The UN provides guidance and assistance to national authorities in establishing a holistic digital system of civil registration and identity management covering an entire range of vital events – live births, deaths, marriages, and divorces. Establishing clear linkages between the work done by the World Bank and the UN in this field can help developing countries to improve the accuracy of data such as those relating to births, as a proof of legal identity. Coordination between multilateral agencies, such as through a regular exchange of reports, can also help to avoid duplication of work.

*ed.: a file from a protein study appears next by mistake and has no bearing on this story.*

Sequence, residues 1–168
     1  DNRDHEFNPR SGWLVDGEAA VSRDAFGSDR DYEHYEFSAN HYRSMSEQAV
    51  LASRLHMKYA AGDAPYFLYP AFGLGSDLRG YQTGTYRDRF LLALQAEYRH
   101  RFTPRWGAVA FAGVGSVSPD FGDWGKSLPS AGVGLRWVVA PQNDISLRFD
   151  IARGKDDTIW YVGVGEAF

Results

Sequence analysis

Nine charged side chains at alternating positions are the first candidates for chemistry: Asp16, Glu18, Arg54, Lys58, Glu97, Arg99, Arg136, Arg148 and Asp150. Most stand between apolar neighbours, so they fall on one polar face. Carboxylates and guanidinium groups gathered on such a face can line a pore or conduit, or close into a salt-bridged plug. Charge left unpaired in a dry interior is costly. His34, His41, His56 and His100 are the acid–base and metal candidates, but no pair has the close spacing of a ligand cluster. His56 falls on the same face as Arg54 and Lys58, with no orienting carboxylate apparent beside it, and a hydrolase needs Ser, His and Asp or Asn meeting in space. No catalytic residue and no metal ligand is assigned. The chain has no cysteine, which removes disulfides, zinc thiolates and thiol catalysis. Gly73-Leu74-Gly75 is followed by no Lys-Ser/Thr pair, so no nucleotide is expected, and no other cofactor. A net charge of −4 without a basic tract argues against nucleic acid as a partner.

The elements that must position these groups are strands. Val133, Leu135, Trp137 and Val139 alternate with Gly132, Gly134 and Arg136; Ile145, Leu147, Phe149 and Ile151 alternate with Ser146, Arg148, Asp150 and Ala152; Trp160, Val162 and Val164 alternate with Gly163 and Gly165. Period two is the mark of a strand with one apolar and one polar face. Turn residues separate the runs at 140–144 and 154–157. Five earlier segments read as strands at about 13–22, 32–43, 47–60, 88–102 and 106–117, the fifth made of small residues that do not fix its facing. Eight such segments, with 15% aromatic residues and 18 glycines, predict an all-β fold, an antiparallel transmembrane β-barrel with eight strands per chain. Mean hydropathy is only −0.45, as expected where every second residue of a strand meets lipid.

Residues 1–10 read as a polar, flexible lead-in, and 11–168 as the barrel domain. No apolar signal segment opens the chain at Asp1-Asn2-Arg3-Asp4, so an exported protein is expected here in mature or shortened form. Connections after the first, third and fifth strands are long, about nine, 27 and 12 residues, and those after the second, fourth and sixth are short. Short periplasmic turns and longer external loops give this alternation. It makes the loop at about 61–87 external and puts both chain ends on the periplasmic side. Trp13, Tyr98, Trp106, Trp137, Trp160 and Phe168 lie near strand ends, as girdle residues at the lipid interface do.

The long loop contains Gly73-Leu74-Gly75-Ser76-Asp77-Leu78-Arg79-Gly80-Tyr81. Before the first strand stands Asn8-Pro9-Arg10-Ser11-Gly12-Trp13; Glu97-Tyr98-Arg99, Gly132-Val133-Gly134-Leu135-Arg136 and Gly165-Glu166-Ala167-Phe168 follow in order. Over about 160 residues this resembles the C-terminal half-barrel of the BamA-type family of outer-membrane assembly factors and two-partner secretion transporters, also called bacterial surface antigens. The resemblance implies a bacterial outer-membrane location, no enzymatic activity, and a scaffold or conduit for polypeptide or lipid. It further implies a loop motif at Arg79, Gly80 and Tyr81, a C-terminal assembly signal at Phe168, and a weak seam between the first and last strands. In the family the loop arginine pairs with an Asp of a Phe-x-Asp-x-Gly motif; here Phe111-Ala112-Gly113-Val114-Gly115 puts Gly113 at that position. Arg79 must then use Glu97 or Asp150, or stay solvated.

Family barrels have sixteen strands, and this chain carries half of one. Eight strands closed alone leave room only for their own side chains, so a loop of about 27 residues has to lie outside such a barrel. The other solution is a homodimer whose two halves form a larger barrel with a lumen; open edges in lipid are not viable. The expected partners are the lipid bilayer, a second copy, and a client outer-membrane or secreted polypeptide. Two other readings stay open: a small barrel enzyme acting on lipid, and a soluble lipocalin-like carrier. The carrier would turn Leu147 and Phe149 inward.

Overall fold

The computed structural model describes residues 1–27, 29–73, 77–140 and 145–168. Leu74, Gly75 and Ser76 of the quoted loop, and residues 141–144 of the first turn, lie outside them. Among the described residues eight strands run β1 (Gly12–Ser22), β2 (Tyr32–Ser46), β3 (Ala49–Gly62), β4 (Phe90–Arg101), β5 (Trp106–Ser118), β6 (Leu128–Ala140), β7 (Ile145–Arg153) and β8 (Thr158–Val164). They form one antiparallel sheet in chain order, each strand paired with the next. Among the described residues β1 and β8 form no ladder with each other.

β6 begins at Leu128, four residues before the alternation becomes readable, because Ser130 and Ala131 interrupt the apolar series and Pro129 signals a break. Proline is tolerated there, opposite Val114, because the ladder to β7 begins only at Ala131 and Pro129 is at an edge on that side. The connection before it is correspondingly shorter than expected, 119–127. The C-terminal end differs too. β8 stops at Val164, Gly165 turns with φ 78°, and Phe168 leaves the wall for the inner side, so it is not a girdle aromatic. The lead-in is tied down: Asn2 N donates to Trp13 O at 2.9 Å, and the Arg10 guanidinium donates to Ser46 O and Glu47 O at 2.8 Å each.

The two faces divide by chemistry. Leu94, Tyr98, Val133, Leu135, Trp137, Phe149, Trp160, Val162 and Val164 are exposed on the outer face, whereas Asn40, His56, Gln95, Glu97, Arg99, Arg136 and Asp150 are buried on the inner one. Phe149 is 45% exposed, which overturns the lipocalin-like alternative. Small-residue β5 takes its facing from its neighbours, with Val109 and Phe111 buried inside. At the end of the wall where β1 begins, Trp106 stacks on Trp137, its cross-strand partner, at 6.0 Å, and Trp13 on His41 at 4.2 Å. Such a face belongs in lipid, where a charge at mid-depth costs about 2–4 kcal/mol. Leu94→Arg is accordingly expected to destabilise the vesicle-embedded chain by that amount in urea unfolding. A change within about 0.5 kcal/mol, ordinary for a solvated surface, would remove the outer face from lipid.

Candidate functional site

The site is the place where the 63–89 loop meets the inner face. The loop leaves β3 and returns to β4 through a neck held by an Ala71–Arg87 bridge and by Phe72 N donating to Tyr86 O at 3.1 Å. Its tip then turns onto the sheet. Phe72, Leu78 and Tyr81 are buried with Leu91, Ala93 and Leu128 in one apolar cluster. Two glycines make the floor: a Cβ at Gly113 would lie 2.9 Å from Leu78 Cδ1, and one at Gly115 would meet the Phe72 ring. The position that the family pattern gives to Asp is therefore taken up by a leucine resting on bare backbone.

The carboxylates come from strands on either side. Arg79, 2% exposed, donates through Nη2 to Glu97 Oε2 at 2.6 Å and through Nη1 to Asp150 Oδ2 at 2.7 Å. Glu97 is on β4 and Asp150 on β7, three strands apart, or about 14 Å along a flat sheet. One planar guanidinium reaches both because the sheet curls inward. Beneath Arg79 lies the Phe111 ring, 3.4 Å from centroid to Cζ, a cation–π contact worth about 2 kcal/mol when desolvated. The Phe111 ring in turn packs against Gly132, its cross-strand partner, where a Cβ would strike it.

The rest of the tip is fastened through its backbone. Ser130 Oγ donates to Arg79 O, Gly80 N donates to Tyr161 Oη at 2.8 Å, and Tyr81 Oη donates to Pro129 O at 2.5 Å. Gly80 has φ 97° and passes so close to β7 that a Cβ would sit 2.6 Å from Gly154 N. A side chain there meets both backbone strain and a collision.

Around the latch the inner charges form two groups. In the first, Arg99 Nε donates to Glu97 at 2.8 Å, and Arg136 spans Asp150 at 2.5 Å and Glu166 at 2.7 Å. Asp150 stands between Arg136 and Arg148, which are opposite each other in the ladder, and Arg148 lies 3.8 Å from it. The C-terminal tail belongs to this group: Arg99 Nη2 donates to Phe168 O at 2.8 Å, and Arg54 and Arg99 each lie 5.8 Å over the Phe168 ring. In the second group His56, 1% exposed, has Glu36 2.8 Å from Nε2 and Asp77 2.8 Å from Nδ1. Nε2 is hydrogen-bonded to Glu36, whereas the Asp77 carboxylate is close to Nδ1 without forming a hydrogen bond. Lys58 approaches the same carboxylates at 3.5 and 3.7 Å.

Finally, it may be possible that countries that have successfully implemented digital ID systems are not forthcoming in sharing their knowhow with interested parties, fearing the risk of leakage of proprietary information. A memorandum of understanding (MoU) could address such concerns by including specific details of the terms of technology transfer among the parties. The transferor country could, for example, choose to share either the broad framework and architecture of their digital ID system or specific design details, depending on the terms of the MoU.
This article is a result of the Spring 2022 class, ‘Law of Sustainable Development,’ Geneva Graduate Institute, taught by Dr. Charlotte Sieber-Gasser and Dr. Manuel Sanchez.